Dark Chocolate Mousse with Milk Tart Macarons

This post I’m going to write as I do it. I don’t really know why I’m just testing the waters. I have my laptop set up here in the kitchen and I’m doing a relay thing. I’ve just finished the mousse (mousses, meese?) and I’ll be doing the macarons shortly.

It is macarons though, I know a generous amount of people say macaroon but the proper name for the delicious morsels you are about to create is a macaron. A macaroon is a coconut biscuit of sorts. Someone may prove me wrong but I do stand by this, a very good chef friend taught me this and I’ll probably go to my grave fighting the good macaron fight.

Skeleton Crew – Ben

It’s been a tad quiet around our holiday house today, the bulk of our family and visitors have all gone home, what remains is the skeleton crew. We are having a couple around tonight to bolster the noise rating slightly to make us feel slightly more at home, I have been told they are foodies so I have to make something worth while. I had a scavenge this morning to see what I had to work with and came up with 3/4 carton of cream, a good chunk of dark couverture, a baby packet of almond flour, cinnamon sticks (maybe old but I’ll risk it) and some eggs. Mousse and macarons it is. I’m hoping I get a thumbs up tonight because word spreads you know.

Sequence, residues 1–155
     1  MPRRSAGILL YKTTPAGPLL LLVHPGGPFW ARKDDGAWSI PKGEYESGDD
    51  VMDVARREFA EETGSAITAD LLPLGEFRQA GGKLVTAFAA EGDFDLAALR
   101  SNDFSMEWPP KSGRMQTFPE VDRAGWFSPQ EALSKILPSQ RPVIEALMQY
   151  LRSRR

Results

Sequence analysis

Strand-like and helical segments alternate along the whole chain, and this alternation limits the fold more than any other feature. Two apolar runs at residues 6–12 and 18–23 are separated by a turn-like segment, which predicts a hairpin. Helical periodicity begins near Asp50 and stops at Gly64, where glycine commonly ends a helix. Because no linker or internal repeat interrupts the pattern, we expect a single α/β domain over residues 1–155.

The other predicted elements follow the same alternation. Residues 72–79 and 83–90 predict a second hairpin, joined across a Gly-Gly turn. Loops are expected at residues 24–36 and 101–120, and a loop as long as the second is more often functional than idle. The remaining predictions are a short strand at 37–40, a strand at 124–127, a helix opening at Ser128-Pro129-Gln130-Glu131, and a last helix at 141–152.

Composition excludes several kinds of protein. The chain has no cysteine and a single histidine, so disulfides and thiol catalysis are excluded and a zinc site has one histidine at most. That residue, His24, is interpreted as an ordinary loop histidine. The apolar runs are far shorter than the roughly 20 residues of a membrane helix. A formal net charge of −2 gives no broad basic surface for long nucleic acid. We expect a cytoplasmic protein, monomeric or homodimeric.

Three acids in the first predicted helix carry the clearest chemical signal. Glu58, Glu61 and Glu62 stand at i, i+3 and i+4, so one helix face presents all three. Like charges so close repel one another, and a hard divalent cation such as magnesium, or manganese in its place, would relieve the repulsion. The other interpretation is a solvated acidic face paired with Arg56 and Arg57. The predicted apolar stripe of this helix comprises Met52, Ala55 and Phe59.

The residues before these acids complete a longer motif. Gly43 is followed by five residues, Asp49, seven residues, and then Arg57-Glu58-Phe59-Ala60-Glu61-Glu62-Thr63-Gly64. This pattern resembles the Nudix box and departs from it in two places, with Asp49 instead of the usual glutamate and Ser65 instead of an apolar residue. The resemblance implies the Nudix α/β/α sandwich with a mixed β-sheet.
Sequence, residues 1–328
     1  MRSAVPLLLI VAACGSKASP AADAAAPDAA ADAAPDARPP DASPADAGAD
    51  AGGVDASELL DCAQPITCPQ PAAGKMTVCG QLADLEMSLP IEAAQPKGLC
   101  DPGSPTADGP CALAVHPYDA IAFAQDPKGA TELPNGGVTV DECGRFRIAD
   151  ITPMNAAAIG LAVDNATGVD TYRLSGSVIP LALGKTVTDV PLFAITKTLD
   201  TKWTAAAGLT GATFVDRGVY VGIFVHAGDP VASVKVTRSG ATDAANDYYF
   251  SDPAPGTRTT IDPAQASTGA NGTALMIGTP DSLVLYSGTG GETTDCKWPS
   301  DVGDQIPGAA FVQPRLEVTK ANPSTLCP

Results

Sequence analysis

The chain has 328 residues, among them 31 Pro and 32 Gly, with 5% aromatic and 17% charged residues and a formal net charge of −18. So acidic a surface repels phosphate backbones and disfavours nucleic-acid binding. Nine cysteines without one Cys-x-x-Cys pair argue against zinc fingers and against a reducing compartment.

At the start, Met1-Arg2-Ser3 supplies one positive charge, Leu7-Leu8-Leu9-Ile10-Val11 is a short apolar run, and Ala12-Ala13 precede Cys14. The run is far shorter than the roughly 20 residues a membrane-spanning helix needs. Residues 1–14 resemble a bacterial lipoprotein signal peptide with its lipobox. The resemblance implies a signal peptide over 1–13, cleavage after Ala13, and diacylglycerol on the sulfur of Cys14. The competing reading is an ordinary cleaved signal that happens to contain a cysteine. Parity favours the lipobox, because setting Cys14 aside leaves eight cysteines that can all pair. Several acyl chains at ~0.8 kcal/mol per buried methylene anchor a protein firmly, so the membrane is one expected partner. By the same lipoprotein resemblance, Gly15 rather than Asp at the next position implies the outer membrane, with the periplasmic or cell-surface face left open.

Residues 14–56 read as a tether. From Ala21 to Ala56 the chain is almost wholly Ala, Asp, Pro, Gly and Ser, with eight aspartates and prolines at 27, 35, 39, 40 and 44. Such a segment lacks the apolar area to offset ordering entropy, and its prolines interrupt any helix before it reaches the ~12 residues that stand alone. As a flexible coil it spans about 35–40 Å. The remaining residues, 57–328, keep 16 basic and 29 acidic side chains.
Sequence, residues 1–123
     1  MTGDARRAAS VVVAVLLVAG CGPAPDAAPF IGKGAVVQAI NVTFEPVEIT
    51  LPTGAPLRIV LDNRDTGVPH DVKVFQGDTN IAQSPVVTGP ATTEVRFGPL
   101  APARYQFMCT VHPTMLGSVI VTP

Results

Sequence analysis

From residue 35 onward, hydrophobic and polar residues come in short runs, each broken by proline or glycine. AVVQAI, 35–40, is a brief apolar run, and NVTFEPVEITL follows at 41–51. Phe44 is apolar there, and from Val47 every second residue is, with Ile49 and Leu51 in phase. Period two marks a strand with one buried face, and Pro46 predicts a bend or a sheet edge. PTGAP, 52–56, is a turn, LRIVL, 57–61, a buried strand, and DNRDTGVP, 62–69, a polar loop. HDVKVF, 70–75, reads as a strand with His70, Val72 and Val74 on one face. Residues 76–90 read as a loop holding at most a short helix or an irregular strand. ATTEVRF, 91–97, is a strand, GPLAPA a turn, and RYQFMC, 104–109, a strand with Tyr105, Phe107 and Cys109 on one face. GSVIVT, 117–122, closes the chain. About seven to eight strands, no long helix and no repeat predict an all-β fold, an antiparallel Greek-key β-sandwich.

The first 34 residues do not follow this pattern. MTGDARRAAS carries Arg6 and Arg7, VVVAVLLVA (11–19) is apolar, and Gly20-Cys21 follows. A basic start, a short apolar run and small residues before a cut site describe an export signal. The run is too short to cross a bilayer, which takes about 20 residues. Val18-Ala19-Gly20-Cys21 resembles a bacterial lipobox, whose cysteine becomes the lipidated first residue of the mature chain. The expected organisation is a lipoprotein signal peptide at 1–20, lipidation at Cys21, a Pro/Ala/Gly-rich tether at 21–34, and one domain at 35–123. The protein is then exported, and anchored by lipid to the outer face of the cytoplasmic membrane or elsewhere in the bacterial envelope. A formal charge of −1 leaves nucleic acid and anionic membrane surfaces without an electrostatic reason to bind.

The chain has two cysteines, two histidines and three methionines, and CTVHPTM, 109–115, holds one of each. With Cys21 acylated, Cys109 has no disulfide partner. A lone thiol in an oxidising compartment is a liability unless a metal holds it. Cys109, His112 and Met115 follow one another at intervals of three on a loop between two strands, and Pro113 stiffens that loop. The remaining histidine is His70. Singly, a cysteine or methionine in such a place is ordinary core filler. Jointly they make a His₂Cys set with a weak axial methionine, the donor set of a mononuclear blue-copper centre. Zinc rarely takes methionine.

Okay well lets get down to it.

Dark Chocolate Mousse (5 servings)


  • 240 ml cream
  • 120 g good quality dark chocolate (70% ish), chopped up into smallish bits
  • 15 g castor sugar
  • 3 egg yolks
  • 125 ml milk
  • 3 g leaf gelatin
  • pinch of cinnamon


  • Hydrate your gelatin in cold water.
  • Put your milk in a saucepan on the stove and let it get to scalding point. (Hot but not boiling)
  • While your milk is heating mix your yolks, cinnamon and sugar is a heat proof bowl, a whisk is good for this.
  • When your milk is scalding pour it in to your yolk mixture slowly while stirring with the whisk. Mix it for a little while until incorporated.